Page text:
"Those efforts have been blocked by Smith, Williams writes: 'Using corporate counsel and Special Agency Counsel, the President of SEDC controlled questions and the flow of information so that board members could not obtain sufficient answers to assist in making good judgments...'"

The author of the article is Will Carless, who has one of the the most earth-friendly names I've heard.

Monday, June 23, 2008

MiraCosta College apparently never cared about the palm trees; it spent $3 million on power struggles

It was obvious to anyone who paid attention that the MiraCosta palm tree investigation that netted a lot of money for Stutz law firm and its investigators was never about protecting public assets.

It was about personal power struggles. Shame on the board majority for using public resources to fight for personal power.

By Bruce Lieberman
June 18, 2008

There is yet another accounting of what is now the ill-fated donation of more than 2,300 palm trees a decade ago to the Oceanside-based community college. Accountants say most of the trees have died, are ailing or are too ragged to sell.

A little more than two years ago, the college had 2,328 palm trees valued at $222,370. An audit in March counted 1,377 valued at $49,000...

And now the forest of free palms, once worth nearly a quarter-million dollars, looks bleak.

Of the 1,377 trees left, a college consultant has recommended throwing out 295, selling 791 wholesale and 196 retail, and keeping 95.

At yesterday's meeting, board President Carolyn Batiste said Carranza's outrage did not reflect the board's sentiments. “The board has not taken any position that there has been a dereliction of duty,” she said.

Batiste said the March 2006 audit, which counted 2,328 trees valued at $222,370, was not conducted by a horticulturist, who would have been most qualified to estimate the trees' value...

Thursday, June 19, 2008

Why did San Francisco teachers choose CFT in 1989 instead of CTA?

It turns out that CTA's executive director has had her finger on the pulse of California teachers for quite a while. This lady can see the truth beneath the surface. Here's how she explains CTA's loss: "When you're dissatisfied, you look at someone else."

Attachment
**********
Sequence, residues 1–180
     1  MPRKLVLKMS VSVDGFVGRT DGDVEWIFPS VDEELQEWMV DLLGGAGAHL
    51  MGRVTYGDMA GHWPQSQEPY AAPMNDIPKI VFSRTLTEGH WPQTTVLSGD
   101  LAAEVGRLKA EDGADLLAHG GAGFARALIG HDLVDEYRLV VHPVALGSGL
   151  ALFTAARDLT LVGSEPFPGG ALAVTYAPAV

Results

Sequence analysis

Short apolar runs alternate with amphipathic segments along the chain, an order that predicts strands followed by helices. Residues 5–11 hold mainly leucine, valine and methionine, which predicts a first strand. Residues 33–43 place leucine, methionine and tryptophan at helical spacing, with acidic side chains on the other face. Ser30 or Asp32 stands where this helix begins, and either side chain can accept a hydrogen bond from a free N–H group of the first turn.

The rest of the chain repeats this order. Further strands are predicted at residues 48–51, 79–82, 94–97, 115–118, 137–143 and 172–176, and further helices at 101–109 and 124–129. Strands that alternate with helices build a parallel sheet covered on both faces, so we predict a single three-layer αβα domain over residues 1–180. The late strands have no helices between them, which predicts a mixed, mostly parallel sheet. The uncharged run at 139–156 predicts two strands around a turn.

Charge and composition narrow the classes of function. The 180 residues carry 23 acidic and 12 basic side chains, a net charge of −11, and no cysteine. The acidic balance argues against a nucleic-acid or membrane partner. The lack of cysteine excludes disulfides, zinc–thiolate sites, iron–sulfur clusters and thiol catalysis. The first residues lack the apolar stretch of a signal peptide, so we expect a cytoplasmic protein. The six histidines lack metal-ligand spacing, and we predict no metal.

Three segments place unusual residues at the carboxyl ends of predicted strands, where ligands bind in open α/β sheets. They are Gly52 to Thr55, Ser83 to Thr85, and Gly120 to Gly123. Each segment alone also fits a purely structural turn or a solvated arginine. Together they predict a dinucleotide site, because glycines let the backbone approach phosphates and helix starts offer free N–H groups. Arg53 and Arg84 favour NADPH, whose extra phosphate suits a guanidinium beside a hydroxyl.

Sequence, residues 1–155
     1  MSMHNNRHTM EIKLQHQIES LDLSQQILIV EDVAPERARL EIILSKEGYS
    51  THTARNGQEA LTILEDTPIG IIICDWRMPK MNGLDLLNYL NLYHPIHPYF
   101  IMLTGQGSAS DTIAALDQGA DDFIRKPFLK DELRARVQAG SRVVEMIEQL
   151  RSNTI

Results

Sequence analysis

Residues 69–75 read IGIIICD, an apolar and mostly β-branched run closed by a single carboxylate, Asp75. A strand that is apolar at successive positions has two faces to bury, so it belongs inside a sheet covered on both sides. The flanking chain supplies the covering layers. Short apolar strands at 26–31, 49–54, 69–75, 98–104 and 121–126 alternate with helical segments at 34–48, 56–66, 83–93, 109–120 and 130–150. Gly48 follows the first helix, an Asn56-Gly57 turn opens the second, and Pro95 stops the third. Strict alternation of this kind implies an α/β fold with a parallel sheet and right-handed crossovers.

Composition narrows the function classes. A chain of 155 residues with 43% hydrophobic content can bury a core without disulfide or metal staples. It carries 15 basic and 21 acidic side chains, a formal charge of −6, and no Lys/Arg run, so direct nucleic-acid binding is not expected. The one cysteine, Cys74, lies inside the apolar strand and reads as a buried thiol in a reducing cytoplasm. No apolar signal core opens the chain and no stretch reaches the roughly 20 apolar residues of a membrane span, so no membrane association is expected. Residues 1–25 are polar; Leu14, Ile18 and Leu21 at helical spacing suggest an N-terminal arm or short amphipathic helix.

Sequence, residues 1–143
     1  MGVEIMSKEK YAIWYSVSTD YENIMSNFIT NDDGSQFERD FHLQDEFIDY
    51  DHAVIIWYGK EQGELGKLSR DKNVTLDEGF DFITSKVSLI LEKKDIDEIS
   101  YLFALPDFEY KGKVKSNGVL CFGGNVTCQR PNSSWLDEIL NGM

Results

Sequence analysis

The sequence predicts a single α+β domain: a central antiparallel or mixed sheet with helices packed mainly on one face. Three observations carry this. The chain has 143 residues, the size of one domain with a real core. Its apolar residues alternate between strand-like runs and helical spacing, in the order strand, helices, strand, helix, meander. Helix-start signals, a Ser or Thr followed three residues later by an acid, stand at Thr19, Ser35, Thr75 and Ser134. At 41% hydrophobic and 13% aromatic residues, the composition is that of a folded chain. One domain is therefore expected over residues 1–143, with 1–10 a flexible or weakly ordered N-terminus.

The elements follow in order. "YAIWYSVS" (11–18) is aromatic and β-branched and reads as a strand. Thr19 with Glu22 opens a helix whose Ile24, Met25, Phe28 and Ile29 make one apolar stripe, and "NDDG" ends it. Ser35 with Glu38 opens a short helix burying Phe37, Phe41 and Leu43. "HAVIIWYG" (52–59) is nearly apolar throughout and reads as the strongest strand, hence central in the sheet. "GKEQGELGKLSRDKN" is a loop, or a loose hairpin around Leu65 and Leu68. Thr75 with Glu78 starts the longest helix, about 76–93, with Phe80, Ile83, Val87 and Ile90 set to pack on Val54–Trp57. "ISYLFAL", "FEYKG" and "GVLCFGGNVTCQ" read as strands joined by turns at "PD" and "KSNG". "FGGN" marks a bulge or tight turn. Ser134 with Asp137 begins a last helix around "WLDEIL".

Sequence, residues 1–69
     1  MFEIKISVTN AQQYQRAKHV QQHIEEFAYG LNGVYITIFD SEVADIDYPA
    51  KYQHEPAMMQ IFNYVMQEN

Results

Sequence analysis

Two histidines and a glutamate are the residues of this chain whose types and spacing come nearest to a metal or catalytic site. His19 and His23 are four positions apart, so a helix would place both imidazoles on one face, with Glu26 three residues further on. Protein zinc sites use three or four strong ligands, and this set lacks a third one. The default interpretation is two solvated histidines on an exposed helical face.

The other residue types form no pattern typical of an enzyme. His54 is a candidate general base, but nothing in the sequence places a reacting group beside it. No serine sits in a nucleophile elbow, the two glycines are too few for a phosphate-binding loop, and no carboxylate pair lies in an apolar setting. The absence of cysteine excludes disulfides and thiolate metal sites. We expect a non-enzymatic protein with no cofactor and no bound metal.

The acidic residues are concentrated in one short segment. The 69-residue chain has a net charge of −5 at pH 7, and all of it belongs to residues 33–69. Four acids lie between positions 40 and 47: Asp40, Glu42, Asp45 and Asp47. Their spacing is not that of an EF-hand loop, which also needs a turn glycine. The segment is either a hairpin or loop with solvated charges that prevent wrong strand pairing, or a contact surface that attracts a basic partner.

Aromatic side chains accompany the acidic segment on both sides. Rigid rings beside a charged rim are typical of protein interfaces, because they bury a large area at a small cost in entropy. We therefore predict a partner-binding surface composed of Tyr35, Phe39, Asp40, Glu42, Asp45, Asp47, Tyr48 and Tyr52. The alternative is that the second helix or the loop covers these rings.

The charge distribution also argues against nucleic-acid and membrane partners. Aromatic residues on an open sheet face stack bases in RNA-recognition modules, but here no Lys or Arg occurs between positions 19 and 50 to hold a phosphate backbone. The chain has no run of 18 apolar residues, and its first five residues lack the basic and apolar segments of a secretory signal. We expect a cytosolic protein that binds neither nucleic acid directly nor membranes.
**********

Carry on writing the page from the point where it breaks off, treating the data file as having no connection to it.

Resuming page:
Norman K. Holsinger of CFT said: "Teachers want a greater voice in what is going on."

Education Week said, "After an eight-year battle, the San Francisco-American Federation of Teachers union succeeded May 26 in wresting the right to represent the city's teachers from the San Francisco Classroom Teachers Association..."

In an earlier article, Education Week reported:

"Kate Dennis, a resource specialist for the district's elementary schools who has belonged to each of the unions at different times, says, "I'm unaffiliated, because I got so disgusted with them both. The organizations, rather than represent the teachers versus the district, have fought each other.""

The article spoke of "site-based decision making""

In a survey of 150 teachers, only 2 percent mentioned educational reform as being an important issue, he notes. In another, longer telephone survey of 300 teachers, the number who responded favorably to questions about site-based management and shared decisionmaking was "so small we didn't finish the analysis," according to Mr. Threatt.

"We found that teachers didn't know what that meant," Ms. Dellamonica says of the reform buzzwords...

The rival sf-aft has attempted to make teacher empowerment a central plank of its platform, calling for democratically elected faculty councils in each school to give teachers a voice in the development of curriculum, programs, and instructional policies...

The sf-aft's pre-election polling found that "the overwhelming majority of teachers in the district are in support of the kind of restructuring and teacher empowerment that gives them a voice at the school-site level," maintains Norman K. Holsinger, an aft national representative and campaign coordinator for the local...